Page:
As we see above, the purpose of the Church is to enable imperfect people to grow into the spiritual image of God. If men were already perfect, there would be no need for a Church. The idea that the Church is comprised of perfect people is detrimental in the following way. Those who feel they are spiritually superior to others, whether in or out of the Church, tend to be self-righteous. They are judgmental toward all who fail to meet their standards. What did Jesus warn about this?

Judge not, that ye be not judged. For with what judgment ye judge, ye shall be judged: and with what measure ye mete, it shall be measured to you again. And why beholdest thou the mote that is in thy brother’s eye, but considerest not the beam that is in thine own eye? Or how wilt thou say to thy brother, Let me pull out the mote out of thine eye; and, behold, a beam is in thine own eye? Thou hypocrite, first cast out the beam out of thine own eye; and then shalt thou see clearly to cast out the mote out of thy brother’s eye (Matt. 7:1-5).

The Apostle Paul admonished: “Wherefore let him that thinketh he standeth take heed lest he fall” (1 Cor. 10:12). The mysteries of God were given to the disciples, and later to all truly converted Christians, but that does not make believers free from faults and sins of their own.

Observant people know the world is becoming more evil. Who is the invisible influence behind the tares of this world? Remember, when the servants told the householder about the tares, he said, “An enemy hath done this.” Christ said this enemy was Satan (Matt. 13:28, 39). Satan is the invisible god of this world (2 Cor. 4:4). He cannot give what he does not possess. Yet, he told Christ that if He would bow down and worship him, he (Satan) would give Him all the kingdoms of the world (Matt. 4:8-9). Satan is the prince of this world (John 12:31). He controls this present world. The vast majority have been deceived by means of the various concepts Satan has generated (Rev. 12:9). This deception, both secular and religious, has led to all kinds of evil practices. When will all the evil in the world stop? Not until Christ returns, for He said: “The Son of man shall send forth his angels, and they shall gather out of his kingdom all things that offend, and them which do iniquity; And shall cast them into a furnace of fire: there shall be wailing and gnashing of teeth. Then shall the righteous shine forth as the sun in the kingdom of their Father. Who hath ears to hear, let him hear” (Matt. 13:41-43).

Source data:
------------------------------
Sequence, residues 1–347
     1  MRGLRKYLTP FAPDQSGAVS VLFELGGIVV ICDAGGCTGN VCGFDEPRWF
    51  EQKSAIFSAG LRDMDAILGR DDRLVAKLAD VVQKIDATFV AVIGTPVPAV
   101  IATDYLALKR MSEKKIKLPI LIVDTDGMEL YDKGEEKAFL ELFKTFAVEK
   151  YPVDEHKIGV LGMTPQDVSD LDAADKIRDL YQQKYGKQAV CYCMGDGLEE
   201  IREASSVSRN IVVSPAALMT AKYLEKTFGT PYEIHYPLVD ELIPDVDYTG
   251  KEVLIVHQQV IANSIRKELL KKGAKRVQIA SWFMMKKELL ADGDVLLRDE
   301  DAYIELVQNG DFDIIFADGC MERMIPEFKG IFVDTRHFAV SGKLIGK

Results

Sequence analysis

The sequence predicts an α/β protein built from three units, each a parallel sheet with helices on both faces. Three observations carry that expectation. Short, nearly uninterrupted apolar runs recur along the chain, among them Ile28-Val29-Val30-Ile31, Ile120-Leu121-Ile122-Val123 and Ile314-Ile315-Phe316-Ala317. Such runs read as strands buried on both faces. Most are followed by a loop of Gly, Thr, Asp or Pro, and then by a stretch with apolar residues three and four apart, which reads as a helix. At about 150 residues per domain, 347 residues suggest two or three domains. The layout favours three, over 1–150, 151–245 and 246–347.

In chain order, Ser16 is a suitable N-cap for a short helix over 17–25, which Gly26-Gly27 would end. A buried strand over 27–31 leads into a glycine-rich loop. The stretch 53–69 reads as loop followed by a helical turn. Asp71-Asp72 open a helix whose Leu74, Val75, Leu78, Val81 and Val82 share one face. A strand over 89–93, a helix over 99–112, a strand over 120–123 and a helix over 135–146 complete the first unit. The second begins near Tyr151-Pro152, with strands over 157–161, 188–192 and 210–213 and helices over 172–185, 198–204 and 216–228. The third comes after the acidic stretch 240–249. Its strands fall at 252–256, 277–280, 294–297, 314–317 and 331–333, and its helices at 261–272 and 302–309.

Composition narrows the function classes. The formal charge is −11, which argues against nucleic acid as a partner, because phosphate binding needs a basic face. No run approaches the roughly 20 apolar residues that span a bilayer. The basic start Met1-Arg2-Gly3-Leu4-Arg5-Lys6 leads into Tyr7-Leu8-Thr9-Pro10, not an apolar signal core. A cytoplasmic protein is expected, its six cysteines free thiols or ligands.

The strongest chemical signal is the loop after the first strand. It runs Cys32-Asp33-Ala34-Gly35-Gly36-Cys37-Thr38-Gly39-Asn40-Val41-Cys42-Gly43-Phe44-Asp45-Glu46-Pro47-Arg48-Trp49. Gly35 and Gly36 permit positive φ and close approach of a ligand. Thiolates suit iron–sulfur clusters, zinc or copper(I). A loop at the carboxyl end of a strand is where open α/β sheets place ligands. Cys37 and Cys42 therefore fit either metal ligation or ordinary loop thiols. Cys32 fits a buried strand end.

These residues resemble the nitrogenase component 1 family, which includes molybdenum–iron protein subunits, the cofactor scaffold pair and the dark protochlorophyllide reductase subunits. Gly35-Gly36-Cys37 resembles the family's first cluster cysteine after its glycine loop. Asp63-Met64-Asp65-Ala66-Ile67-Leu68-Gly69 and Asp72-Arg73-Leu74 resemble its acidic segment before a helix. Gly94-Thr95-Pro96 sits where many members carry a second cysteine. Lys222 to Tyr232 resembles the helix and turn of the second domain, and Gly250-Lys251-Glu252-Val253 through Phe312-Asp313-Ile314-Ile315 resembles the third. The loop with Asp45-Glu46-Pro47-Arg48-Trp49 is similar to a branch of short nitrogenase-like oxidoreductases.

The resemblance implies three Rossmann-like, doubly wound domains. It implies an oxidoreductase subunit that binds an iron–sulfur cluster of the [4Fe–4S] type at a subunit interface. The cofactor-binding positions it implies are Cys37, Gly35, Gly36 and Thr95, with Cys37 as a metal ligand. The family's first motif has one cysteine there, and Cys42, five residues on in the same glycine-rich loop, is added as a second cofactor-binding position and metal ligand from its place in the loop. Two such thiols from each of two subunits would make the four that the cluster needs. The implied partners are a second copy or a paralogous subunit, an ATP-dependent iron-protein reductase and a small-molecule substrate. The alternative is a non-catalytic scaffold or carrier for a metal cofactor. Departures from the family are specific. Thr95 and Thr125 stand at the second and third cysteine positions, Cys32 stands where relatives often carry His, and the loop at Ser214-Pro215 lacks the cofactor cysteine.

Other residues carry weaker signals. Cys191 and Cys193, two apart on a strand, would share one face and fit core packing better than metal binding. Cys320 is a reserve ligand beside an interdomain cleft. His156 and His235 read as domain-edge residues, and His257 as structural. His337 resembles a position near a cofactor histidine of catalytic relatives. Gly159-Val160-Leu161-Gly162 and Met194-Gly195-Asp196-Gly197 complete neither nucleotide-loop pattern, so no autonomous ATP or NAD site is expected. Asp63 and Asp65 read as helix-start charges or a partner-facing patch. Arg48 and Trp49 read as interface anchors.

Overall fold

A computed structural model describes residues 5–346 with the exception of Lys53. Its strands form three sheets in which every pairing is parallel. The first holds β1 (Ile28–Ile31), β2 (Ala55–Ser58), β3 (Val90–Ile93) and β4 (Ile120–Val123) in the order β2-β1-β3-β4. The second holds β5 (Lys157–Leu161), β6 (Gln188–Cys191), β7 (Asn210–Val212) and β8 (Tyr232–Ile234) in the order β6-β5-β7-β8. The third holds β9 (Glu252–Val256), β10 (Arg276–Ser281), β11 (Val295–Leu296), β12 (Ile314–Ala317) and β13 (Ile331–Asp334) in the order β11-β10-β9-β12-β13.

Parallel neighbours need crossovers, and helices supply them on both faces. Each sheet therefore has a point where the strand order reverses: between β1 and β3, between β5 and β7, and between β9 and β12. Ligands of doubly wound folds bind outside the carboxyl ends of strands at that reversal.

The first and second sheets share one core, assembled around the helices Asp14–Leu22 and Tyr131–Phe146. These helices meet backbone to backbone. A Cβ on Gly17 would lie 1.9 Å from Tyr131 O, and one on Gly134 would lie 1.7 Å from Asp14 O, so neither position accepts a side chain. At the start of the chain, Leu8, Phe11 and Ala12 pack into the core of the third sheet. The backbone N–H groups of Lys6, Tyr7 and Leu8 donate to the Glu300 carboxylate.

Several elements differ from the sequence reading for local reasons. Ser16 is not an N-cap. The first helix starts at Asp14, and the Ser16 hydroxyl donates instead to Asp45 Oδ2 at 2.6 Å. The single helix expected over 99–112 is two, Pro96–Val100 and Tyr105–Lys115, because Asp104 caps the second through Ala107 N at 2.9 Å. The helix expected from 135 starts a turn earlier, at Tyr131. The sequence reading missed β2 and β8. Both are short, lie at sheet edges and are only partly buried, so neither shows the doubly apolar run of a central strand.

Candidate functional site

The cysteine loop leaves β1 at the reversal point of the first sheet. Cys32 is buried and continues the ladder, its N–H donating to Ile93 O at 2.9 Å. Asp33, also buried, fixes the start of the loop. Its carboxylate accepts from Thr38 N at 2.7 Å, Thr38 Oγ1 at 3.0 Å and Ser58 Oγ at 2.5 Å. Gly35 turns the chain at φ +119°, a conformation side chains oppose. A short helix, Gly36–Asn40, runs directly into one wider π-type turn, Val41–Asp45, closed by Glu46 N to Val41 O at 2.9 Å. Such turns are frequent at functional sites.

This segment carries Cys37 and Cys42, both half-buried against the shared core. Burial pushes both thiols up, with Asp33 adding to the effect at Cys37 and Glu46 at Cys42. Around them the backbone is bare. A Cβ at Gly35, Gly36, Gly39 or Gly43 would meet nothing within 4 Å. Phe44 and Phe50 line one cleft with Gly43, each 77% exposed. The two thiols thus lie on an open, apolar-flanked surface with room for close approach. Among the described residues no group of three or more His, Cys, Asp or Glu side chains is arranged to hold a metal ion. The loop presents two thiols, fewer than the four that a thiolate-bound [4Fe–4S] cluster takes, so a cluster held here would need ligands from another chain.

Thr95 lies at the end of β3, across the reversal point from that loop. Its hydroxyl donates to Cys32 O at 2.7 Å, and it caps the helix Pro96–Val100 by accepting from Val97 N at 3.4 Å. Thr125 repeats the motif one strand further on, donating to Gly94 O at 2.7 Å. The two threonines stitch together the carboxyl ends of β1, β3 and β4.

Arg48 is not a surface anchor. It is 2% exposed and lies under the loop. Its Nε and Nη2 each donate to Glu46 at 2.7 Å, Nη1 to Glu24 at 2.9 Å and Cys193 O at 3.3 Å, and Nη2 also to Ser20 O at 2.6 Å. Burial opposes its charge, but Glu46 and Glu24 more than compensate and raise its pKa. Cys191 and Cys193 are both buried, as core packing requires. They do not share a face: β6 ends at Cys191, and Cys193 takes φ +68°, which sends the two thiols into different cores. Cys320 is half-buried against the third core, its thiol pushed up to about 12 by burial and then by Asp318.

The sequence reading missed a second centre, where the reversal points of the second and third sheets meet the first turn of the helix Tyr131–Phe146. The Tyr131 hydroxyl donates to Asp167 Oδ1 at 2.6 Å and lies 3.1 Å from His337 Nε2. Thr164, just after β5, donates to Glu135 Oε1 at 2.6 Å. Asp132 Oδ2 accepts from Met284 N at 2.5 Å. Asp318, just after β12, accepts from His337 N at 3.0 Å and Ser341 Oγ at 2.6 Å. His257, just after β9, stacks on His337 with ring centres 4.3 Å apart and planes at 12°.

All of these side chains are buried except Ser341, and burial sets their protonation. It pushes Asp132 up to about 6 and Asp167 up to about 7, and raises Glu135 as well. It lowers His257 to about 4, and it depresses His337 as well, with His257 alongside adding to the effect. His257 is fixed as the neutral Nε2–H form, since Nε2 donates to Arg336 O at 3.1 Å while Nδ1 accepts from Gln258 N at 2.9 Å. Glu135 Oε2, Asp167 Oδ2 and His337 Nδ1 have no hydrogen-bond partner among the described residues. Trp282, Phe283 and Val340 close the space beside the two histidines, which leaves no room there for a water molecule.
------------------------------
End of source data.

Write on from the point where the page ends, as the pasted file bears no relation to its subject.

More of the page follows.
The problem with many professing Christians today is that they do not really believe the candid truth of the Bible. They may not disagree with God’s promise to punish the wicked, but they find it hard to believe it could happen to them. Why? Because they do not believe they could be wicked in the eyes of God. They do not consider themselves to be tares. This is why the Apostle Peter warns:

But the day of the Lord will come as a thief in the night; in the which the heavens shall pass away with a great noise, and the elements shall melt with fervent heat, the earth also and the works that are therein shall be burned up. Seeing then that all these things shall be dissolved, what manner of persons ought ye to be in all holy conversation and godliness, Looking for and hasting unto the coming of the day of God, wherein the heavens being on fire shall be dissolved, and the elements shall melt with fervent heat? Nevertheless we, according to his promise, look for new heavens and a new earth, wherein dwelleth righteousness (2 Pet. 3:10-13).

This admonition and many others in the Bible is why it is so important to understand and consider the parable of the tares.